Published on : Tuesday, June 7, 2016
U.S. Transportation Secretary Anthony Foxx, FAA Administrator Michael Huerta and Deputy Administrator Mike Whitaker today announced an upcoming rebate program that will help general aviation pilots equip their aircraft with NextGen technology.
“To further demonstrate our commitment to NextGen, we will soon offer some general aviation aircraft owners a $500 rebate to help defray some of the cost for purchasing ADS-B Out avionics,” said U.S. Transportation Secretary Anthony Foxx.
Automatic Dependent Surveillance-Broadcast, or ADS-B, is foundational to the FAA’s NextGen program, a suite of technologies that is modernizing the nation’s air traffic control system. ADS-B transforms aircraft surveillance using satellite-based positioning. The FAA published a final rule in May 2010 mandating that aircraft flying in certain controlled airspace be equipped with ADS-B Out by Jan. 1, 2020. That airspace is generally the same busy airspace where transponders are currently required. Aircraft that fly only in uncontrolled airspace where no transponders are required, and aircraft without electrical systems, such as balloons and gliders, are exempt from the mandate.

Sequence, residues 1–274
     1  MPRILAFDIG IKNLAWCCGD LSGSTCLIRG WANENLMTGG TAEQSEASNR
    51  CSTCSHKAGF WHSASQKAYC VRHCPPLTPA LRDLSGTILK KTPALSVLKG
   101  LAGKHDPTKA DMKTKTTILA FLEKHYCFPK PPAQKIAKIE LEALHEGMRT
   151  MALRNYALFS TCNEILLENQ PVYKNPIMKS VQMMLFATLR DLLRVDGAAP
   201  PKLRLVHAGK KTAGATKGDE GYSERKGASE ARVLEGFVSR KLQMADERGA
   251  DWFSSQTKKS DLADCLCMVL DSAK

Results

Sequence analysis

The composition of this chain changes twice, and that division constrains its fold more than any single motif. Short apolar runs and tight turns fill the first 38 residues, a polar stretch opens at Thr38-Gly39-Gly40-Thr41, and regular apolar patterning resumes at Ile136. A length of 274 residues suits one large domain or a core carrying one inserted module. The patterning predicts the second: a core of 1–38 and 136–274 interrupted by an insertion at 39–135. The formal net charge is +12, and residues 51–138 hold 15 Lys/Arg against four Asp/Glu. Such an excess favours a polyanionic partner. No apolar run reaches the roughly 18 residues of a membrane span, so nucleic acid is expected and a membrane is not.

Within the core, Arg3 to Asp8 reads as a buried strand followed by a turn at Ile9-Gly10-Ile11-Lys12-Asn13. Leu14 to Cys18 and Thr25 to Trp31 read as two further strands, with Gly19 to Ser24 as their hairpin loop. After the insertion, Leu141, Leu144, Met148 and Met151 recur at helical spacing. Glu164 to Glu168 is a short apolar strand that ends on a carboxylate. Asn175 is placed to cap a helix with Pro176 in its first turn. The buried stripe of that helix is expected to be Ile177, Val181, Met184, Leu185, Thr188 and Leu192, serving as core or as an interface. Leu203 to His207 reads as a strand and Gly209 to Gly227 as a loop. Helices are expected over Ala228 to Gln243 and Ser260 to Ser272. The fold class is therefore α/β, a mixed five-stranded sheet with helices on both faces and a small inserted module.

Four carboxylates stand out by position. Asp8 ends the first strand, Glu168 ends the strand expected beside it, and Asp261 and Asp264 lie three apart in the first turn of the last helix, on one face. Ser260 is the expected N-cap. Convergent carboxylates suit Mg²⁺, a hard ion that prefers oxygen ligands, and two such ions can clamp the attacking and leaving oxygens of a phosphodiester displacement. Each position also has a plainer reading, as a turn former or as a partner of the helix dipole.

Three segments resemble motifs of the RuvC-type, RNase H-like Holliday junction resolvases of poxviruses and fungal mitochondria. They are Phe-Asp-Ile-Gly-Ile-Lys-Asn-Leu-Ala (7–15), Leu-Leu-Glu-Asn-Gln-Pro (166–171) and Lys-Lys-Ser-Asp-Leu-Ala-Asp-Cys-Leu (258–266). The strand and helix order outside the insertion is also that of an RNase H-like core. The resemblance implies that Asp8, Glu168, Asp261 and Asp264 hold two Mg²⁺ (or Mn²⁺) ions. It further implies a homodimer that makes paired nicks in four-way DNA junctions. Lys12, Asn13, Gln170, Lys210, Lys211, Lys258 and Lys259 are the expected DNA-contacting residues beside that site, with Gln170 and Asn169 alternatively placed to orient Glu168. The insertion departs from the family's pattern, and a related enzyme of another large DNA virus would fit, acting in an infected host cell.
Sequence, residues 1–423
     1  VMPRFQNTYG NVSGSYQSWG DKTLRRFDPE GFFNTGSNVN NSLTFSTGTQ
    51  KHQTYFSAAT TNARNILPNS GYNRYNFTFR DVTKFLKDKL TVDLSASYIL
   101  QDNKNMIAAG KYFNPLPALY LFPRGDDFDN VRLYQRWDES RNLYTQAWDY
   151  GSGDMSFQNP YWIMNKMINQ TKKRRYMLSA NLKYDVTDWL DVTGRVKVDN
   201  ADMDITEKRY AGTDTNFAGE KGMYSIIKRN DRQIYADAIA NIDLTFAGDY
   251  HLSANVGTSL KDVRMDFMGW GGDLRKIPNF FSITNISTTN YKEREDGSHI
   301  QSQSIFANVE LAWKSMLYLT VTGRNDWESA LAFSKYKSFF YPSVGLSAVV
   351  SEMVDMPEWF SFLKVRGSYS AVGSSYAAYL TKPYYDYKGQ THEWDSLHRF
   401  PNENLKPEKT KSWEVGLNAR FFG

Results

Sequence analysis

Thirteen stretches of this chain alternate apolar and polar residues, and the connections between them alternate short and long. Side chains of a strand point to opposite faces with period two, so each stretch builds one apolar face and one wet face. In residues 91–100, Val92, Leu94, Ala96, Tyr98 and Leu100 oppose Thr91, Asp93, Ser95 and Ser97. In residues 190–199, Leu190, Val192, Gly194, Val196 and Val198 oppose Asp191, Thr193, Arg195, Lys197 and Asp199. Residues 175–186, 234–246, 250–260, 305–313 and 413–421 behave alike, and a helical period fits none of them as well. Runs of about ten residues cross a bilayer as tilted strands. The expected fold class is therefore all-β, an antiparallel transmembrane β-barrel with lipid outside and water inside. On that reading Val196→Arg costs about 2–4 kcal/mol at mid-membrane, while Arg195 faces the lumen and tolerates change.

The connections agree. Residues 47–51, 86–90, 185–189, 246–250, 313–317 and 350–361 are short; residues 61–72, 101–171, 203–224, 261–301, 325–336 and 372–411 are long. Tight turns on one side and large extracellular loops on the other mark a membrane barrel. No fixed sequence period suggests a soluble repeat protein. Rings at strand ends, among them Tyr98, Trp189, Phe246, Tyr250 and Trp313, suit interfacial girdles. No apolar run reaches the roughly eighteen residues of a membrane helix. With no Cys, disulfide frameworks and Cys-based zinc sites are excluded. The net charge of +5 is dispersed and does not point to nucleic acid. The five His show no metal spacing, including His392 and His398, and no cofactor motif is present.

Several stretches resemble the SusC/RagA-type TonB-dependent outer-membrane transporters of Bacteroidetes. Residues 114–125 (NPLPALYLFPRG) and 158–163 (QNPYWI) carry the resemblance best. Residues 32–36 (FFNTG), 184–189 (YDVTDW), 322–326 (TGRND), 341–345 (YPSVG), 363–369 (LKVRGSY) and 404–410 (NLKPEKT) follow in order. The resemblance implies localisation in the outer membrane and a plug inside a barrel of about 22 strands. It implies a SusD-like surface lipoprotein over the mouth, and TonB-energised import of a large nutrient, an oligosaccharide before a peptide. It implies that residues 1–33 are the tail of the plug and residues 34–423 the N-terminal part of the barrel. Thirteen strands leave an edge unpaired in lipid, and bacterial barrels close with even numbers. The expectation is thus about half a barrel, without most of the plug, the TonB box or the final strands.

“We’re calling on all aircraft owners who plan to fly in busy airspace to equip with ADS-B Out before the deadline,” said Huerta. “We hope this initiative will encourage aircraft owners to get off the sidelines and take advantage of all the safety benefits NextGen has to offer.”
The rebates will be available in late September, and the FAA will announce the effective date soon. In the meantime, the FAA is encouraging aircraft owners to look ahead to schedule an installation appointment with a qualified installer. Aircraft owners will only qualify for the rebate if the installation occurs after the FAA begins offering the rebates in late September 2016.
Aircraft owners of U.S.-registered, fixed-wing single-engine piston aircraft with avionics that comply with FAA technical standard orders and meet the rule requirements could be eligible for the rebate. The FAA is not offering rebates for software upgrades for aircraft already equipped, new aircraft, or aircraft for which the FAA already has paid or committed to upgrade. The FAA will be able to distribute 20,000 rebates – one rebate per aircraft owner. The rebates are available on a first-come, first-served basis for one year, or until all 20,000 rebates are claimed, whichever comes first. The FAA estimates that as many as 160,000 aircraft need to be equipped by the deadline.